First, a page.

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June 22, 2005

Wow. Just Wow.
by SG

I don't know what to say about tonight's game. I started writing an entry ripping Randy Johnson's performance to shreds after the third inning. When Scott Proctor gave up another two runs to put the game 'out of reach', I added Joe Torre to my entry too. However, Proctor settled down after a shaky fourth, and the Yankee offense started chipping away.

Lou Piniella foolish stuck with Hideo Nomo for too long in the fifth in the misguided pursuit of a personal goal (his 200th win). A Gary Sheffield three run homer and a Bernie Williams RBI double made things interesting again. Chad Orvella came in and walked Jorge Posada, who was pinch hitting for John Flaherty in the fifth inning. I really appreciated this move by Joe Torre. Robinson Cano then hit a hard liner, but right to the second baseman, and the inning was over, with a score of 10-6. I figured the Yankees blew their best chance at this point.

In the top of the sixth, Mike Stanton got an out and then gave up a single. Tanyon Sturtze 2.0™ came in to get out of the inning helped by an amazing tag by Robinson Cano on a Travis Lee steal attempt.

In the bottom of the sixth, Derek Jeter crushed a homerun to deep center field, and the deficit was cut to 10-7. That was all the Yankees would get in that inning.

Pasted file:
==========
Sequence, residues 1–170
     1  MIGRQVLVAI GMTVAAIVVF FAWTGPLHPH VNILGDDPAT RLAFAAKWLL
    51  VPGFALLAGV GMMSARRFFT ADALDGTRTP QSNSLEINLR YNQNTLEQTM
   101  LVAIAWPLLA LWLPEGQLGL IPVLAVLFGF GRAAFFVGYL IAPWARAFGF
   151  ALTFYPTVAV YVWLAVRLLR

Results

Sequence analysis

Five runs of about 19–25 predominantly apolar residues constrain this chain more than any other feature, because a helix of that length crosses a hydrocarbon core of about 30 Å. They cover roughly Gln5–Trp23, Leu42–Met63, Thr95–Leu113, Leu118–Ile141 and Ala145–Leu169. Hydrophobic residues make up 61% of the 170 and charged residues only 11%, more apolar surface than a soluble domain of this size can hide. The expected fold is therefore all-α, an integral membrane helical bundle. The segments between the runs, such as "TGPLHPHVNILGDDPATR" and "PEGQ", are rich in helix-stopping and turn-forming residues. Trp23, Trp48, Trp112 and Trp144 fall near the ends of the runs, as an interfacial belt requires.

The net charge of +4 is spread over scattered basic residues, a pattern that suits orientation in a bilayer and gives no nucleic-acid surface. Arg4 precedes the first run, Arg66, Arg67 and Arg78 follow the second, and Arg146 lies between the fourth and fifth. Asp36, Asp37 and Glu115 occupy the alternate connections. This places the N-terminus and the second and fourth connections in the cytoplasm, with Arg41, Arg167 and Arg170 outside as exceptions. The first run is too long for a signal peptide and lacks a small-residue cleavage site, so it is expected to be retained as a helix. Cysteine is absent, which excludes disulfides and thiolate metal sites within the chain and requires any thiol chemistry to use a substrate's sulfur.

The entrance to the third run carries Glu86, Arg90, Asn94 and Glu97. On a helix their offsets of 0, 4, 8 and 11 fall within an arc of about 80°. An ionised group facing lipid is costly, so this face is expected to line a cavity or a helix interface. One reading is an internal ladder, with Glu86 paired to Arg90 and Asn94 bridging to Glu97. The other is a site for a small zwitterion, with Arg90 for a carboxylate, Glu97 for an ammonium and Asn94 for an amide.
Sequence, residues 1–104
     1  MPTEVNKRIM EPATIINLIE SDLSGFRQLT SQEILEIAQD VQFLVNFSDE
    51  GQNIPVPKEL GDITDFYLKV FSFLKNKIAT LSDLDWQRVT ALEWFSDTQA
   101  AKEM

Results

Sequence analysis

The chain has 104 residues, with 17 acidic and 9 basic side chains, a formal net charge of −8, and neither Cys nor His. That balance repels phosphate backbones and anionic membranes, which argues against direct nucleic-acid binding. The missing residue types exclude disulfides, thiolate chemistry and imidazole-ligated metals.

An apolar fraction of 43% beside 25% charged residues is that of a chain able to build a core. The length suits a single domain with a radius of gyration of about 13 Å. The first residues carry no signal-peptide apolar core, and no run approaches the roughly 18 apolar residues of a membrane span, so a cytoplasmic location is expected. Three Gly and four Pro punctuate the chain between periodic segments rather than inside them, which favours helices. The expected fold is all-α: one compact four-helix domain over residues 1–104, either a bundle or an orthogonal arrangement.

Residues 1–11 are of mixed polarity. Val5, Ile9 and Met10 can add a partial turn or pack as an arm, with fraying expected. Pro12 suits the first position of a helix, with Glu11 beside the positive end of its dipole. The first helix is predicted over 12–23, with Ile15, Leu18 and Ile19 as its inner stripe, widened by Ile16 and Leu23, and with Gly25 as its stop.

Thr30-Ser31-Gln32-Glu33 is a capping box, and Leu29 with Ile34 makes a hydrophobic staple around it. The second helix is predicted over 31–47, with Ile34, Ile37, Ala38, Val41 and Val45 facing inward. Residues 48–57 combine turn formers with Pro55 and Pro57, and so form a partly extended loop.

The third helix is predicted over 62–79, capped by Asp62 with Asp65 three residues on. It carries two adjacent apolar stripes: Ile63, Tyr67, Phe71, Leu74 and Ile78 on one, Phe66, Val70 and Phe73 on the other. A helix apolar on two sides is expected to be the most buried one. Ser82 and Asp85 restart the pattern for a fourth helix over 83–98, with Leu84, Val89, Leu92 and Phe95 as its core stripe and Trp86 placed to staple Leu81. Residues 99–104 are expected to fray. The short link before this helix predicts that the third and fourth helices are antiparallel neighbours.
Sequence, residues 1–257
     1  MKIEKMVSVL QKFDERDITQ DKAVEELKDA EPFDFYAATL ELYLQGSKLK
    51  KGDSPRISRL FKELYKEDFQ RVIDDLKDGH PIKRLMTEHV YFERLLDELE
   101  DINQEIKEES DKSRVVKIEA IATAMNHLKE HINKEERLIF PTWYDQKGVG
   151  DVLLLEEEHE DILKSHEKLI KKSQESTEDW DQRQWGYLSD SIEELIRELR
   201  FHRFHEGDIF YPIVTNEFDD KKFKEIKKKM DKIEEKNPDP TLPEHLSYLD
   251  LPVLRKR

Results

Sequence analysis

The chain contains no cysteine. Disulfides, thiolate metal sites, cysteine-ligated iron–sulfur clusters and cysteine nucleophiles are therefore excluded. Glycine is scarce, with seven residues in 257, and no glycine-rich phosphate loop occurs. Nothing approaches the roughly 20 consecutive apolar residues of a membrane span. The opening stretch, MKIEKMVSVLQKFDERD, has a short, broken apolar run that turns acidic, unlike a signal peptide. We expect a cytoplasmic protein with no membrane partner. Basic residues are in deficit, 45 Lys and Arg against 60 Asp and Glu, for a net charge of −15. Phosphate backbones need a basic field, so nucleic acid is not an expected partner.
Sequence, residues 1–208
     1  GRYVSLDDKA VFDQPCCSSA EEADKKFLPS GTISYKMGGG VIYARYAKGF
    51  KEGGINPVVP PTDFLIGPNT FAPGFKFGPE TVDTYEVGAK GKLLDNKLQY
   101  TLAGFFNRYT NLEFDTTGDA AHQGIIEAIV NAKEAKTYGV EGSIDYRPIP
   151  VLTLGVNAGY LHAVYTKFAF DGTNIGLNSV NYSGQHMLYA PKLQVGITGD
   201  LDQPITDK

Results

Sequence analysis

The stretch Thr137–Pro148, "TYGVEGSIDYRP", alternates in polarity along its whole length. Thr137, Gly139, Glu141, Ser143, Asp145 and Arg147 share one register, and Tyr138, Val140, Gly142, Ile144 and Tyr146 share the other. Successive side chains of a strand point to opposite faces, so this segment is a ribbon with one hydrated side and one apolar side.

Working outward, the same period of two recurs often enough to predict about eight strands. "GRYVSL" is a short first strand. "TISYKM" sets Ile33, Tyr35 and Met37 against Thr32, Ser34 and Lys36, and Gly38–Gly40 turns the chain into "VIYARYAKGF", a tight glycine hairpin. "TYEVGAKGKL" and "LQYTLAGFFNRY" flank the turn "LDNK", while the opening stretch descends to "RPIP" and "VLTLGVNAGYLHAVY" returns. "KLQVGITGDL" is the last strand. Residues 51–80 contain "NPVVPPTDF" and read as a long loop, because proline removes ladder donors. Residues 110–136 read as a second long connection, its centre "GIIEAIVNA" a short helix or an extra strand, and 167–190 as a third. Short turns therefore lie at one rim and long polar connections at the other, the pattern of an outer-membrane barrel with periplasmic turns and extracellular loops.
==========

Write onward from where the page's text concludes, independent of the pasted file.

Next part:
Sturtze 2.0™ pitched more like Sturtze 1.0 in the top of the seventh. A strikeout was followed by 3 straight singles. to load the bases with one out. At this point I was sure the Devil Rays were going to bust the game back open, as Sturtze was shaky and the other bullpen options were Paul Quantrill and Buddy Groom.

Then came what was to me the turning point of the game. Jorge Cantu smoke a ball down the 3rd base line. Alex Rodriguez made an amazing diving stop on the ball, was able to stand up, run and beat the runner to third base for one out and then amazingly throw over to first and almost turn what would have been one of the most incredible double plays I'd ever seen. The runner was safe and another run had scored, but that ball could have very easily been a bases clearing double that would have made it 13-7 and could have sucked the life out of the Yankees.